The robins called first; frantic, insistent. I saw the tiger-coloured cat hunched by the edge of the lawn, mouth full. As I moved toward it, the cat dropped its prize and ran down the driveway.
A tiny chipmunk lay there, heaving. I picked him up, and looked him all over. Although there were scuff marks by the neck, I couldn’t see any serious injury.
I waited, this scrap of a life hanging helpless in the hinge of my hand. I pleaded, please…spare this little creature.
He looked at me calmly, onyx eyes shining through a white mask, dark, silken whiskers, curious pointed nose. I held him close to my belly, willing him to fight for life, although my heart knew differently.
Several times, a hind foot lifted to scratch at the marks made by the cat and I noted the tiny pads like exquisite pillows on his feet. On the front paws, tapered fingers ended in delicate, almost transparent, nails.
After a time, something changed. I could feel it, could feel his leaving.
His mouth opened and he took five great heaving breaths. He twisted slightly, stretching out a body that had grown thin, let out two small cries, then his eyes grew dim and he was still.
Is it better to die in the teeth of an enemy or in the hands of a saviour? I stood there, my shoulders heavy with questions.
Did I do wrong by interfering in the scheme of things? Did I thwart the chipmunk’s sacrifice? Did I prolong a death and rob its reason? I felt like Peter, admonished for wanting to prevent Jesus’ destiny and death.
My nature is that I want to save things – I’ve always been a rescuer. I’m a lover of happy endings, an optimist…my girlfriends used to call me Pollyanna.
But life and death is the way of things…and in nature, death to one brings life to another. The creatures understand this in a way that I do not. I’ve watched peregrine falcons chase shorebirds until one falls away; one life a sacrifice that saves the others. And the story continues. Certainly, this is the base tenet of my faith…so why is it so hard to witness?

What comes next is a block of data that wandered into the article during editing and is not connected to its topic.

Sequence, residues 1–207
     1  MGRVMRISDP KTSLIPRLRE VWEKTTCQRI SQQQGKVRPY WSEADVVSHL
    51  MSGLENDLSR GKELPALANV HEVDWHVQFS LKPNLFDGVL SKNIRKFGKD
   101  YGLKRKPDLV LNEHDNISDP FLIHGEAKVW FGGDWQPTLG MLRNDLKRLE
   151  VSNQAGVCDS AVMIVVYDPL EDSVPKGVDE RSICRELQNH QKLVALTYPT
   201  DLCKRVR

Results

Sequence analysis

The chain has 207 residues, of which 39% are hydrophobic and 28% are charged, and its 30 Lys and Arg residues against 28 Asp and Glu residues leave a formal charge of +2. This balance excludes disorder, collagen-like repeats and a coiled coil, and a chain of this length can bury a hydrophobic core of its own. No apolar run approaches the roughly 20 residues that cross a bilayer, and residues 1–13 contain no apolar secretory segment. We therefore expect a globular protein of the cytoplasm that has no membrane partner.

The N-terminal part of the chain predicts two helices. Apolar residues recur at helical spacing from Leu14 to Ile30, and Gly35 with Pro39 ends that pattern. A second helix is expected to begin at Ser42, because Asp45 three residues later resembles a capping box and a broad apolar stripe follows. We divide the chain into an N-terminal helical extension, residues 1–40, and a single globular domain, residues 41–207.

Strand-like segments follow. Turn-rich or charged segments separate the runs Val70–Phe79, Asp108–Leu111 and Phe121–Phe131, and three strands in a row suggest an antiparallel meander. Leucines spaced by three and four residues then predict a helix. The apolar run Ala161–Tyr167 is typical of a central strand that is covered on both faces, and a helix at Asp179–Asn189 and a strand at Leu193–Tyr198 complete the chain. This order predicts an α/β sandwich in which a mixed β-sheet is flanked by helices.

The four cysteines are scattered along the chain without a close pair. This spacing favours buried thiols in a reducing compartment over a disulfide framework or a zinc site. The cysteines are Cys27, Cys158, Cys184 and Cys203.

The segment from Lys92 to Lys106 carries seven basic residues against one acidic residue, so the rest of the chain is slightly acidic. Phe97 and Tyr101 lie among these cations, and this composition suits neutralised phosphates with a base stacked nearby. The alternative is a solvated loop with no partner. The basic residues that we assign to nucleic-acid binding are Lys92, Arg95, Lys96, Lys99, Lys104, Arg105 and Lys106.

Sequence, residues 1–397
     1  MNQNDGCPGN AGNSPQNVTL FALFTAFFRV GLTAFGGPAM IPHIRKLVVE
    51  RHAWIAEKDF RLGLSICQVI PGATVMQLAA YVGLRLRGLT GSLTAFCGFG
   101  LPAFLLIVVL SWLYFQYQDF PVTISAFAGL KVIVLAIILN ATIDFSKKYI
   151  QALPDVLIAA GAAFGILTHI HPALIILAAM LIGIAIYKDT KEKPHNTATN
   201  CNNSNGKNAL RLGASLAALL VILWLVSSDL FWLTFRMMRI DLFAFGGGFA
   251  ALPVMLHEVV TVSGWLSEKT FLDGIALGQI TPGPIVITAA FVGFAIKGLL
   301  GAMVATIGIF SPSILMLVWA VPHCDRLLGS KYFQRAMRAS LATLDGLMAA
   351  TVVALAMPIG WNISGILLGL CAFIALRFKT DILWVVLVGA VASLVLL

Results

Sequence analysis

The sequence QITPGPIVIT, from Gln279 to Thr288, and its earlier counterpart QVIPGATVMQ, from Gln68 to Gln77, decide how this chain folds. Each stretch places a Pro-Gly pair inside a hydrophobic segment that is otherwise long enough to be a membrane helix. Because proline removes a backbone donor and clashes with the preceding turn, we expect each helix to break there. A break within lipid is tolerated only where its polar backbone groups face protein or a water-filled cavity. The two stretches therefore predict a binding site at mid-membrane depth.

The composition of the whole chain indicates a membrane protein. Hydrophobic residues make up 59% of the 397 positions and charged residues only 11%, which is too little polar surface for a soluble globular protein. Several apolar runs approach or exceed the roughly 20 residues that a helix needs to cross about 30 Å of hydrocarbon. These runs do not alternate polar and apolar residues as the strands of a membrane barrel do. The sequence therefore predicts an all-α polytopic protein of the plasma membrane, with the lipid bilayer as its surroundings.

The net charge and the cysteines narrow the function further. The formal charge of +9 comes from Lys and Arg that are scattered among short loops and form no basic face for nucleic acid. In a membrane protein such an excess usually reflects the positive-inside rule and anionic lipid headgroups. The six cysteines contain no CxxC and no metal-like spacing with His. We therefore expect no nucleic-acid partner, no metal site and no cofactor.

A senseless death is one without reason or meaning. I laid the chipmunk in the garden, wondering if the cat or a hawk would come for the easy meal, but the body remained throughout the afternoon.
An hour after I had buried the tiny, stiff body in the rose garden, I noticed a number of robins perched in the trees surrounding the garden, almost as if paying homage. Suddenly, they scattered, calling in alarm. Right there…in precisely the same spot…was the tiger cat, staring defiant, another chipmunk in its mouth.
I watched, unmoving this time, and he disappeared into the undergrowth. I tortured myself. Perhaps, if the cat had eaten earlier, it would not have returned for the other.
Two ravens appeared, winged shadows in pursuit. I heard their raucous cries. Although they may have been hoping to to frighten the cat and benefit from the kill, my first thought was that they were objecting. The robins followed, also scolding and chattering. Perhaps there is an unnamed alliance in the natural world; blurred lines drawn between predator and prey, between ally and enemy.
Neither my action nor my inaction brought me any measure of peace…the burden of those who straddle the line and live in the tension of the middle ground. Perhaps the value is not in how we may act–or not act–but in how it changes us.
And that evening, as the mourning doves called the settling dusk and dying light grazed the tips of the trees, I saw a sentinel sit, unmoving, on the rose garden fence above a small mound of disturbed dirt.
Just there. Keeping watch.
“We are called to give ourselves, not only in life,
but in death as well.
I am called to trust that life is a preparation for death
as a final act of giving.”
~ Henri Nouwen